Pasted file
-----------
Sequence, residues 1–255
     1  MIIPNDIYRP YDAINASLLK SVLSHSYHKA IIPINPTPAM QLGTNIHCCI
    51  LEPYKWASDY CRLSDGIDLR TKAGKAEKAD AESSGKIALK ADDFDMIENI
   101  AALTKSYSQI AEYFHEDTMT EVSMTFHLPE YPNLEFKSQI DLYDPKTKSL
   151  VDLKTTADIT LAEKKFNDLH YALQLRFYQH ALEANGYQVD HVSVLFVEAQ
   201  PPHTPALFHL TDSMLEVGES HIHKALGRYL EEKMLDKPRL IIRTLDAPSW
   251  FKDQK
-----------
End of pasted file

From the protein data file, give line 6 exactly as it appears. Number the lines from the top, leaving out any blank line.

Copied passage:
   201  PPHTPALFHL TDSMLEVGES HIHKALGRYL EEKMLDKPRL IIRTLDAPSW